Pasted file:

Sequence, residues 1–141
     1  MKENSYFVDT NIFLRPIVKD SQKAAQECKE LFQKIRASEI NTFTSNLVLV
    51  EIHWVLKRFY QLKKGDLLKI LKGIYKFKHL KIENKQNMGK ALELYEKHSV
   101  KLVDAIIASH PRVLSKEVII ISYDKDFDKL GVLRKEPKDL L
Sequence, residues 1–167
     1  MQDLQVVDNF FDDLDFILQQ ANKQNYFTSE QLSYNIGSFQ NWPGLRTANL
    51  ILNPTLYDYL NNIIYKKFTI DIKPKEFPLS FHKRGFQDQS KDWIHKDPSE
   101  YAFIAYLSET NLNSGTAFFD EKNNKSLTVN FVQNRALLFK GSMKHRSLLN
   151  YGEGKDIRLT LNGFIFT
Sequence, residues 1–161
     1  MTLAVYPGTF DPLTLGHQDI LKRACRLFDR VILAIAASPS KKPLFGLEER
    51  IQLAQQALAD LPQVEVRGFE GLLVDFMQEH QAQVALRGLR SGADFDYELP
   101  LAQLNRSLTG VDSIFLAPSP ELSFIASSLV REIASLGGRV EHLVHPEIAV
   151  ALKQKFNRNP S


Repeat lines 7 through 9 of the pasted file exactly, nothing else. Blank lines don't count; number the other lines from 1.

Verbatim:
    51  ILNPTLYDYL NNIIYKKFTI DIKPKEFPLS FHKRGFQDQS KDWIHKDPSE
   101  YAFIAYLSET NLNSGTAFFD EKNNKSLTVN FVQNRALLFK GSMKHRSLLN
   151  YGEGKDIRLT LNGFIFT